These questions are integral to determining whether a merger or acquisition will be an optimal decision for your healthcare company. Additionally, for managers and investors assessing the performance of the synergies after the acquisitions had occurred, per-share data must be analyzed as supposed to just the aggregate data. The following example is a health technology company listed on the TSX Venture Exchange that grew revenues through a series of acquisitions. The company’s aggregate revenue chart is parabolic.

Although the aggregate revenue chart looks fantastic, the chart displaying the same company's common shares shows that they needed to dilute their shareholders significantly to obtain this aggregate revenue growth.

Further diving into this company’s financials we find a year where revenue per share declined by 68% because the revenue growth couldn’t keep up with the share dilution. Additionally, we see that net loss per share has been increasing by 23% annually.

Currently, this company’s stock is down nearly 70% over the last 52 weeks. The example illustrates the importance of analyzing the synergies from a per-share basis, since that is the residual claim for equity investors. Investors only get impressed by aggregate top-line growth for so long, but if a company is unable to display organic growth, per share expansion, or progress towards profitability, the company begins to leave a sour taste in investors' mouths. Overall, healthcare managers must be able to describe how the back-end synergies from an acquisition will help the company capture economic rents. Furthermore, managers must also explain how the acquisition can be accretive on a per-share basis. Regarding organic growth strategies, healthcare companies must decide whether to sell B2B or D2C. This depends on your plan to achieve scale and the healthcare market you’re targeting.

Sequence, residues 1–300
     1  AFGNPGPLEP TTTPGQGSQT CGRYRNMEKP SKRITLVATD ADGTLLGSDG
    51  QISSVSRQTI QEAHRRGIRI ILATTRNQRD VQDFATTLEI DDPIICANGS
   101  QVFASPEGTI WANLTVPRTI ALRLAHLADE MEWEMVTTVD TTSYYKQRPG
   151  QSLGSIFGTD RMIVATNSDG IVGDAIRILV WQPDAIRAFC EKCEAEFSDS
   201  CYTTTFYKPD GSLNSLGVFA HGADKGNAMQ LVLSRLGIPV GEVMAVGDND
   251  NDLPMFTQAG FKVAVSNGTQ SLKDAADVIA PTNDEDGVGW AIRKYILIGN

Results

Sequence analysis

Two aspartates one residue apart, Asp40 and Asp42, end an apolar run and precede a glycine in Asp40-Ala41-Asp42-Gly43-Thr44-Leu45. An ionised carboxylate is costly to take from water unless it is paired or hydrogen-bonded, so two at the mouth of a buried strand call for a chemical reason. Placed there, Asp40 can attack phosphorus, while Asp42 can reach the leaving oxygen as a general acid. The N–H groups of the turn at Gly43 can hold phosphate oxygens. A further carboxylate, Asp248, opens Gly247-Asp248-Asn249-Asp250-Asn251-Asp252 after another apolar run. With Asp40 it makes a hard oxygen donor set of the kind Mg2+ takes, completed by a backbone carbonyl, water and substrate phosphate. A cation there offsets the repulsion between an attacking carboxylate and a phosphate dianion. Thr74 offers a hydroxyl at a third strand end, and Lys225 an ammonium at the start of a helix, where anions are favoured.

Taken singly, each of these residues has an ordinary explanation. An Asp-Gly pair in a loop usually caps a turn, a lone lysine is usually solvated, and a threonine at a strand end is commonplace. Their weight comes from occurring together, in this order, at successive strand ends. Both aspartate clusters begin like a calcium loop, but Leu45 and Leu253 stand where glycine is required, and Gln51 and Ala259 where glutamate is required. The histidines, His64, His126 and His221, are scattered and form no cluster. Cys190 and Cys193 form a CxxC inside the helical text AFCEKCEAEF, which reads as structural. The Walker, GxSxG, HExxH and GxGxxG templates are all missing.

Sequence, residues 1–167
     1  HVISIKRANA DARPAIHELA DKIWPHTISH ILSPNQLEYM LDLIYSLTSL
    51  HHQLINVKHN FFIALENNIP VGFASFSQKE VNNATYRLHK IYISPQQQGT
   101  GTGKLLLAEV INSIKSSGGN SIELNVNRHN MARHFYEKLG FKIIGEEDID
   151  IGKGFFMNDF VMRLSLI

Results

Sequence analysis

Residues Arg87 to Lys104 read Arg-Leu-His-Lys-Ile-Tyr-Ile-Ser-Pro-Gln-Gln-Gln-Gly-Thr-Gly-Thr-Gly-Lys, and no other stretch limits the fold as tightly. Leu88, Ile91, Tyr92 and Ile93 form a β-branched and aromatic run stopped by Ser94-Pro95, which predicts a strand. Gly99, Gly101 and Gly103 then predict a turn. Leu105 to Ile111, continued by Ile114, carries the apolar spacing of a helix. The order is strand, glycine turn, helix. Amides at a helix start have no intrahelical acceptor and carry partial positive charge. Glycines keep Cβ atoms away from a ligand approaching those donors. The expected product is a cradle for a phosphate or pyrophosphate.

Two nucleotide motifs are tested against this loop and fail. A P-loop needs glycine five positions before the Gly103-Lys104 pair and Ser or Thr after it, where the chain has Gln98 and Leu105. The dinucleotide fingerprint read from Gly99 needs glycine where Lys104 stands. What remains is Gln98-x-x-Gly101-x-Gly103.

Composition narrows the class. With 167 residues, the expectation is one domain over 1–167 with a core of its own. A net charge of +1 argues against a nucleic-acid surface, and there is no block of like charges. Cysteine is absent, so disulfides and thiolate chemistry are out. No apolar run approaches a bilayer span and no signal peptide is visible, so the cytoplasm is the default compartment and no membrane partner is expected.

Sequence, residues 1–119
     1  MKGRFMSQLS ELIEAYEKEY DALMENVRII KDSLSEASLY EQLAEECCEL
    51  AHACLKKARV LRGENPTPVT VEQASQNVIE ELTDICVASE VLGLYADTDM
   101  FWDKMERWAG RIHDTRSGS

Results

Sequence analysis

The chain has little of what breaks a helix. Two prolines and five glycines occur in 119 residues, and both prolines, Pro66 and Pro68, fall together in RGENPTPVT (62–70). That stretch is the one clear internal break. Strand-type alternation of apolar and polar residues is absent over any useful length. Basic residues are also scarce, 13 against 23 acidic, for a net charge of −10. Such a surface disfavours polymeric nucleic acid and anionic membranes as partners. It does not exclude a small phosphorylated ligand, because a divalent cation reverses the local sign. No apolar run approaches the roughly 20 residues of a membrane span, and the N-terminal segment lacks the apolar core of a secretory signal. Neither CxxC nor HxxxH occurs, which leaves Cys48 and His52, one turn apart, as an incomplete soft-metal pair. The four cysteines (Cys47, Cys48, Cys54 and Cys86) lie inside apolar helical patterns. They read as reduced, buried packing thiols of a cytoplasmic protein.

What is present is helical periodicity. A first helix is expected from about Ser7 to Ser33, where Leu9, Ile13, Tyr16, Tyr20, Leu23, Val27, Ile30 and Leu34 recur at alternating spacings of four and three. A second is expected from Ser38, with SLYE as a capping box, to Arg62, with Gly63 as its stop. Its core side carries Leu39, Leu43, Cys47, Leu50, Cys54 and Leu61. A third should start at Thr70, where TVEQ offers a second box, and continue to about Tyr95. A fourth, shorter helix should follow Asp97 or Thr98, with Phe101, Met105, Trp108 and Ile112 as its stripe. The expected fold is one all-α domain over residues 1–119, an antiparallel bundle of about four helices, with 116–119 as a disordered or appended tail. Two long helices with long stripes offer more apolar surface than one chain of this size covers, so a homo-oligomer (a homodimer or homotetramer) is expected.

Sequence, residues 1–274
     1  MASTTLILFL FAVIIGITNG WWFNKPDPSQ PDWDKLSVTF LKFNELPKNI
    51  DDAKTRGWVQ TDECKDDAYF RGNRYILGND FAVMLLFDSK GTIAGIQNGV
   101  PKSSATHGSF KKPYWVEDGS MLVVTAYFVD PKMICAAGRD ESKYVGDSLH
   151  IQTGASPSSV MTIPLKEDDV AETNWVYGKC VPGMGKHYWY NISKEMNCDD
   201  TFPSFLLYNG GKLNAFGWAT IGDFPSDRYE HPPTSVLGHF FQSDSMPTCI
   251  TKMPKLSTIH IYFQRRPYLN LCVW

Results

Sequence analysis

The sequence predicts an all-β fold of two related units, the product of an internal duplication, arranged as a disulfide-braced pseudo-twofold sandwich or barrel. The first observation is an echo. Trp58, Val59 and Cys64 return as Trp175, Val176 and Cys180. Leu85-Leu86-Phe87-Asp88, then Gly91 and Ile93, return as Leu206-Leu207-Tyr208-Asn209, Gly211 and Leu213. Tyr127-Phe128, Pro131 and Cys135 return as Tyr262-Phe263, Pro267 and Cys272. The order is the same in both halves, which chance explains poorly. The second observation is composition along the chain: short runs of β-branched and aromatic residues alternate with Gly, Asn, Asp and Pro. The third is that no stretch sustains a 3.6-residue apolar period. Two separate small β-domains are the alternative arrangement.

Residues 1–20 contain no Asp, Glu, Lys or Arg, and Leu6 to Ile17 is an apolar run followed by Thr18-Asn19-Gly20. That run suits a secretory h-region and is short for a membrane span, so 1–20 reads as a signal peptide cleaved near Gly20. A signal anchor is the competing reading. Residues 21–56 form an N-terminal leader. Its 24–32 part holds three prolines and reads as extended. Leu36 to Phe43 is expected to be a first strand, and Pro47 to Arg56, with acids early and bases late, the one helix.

Asymmetry of Information

A critical factor managers and advisors must consider is information asymmetry. Information asymmetry is a critical barrier to obtaining a positive perception from investors. Being able to convey your business’s value add, highlight idiosyncratic risk factors, and provide high-quality financial statements is integral for gaining investors' trust. Companies that are unable to convey these matters will suffer from higher costs of capital, as investors will perceive the information gap as an increased risk. It is important that healthcare companies build an adequate investor relations department so they can display these matters in a clear and concise manner.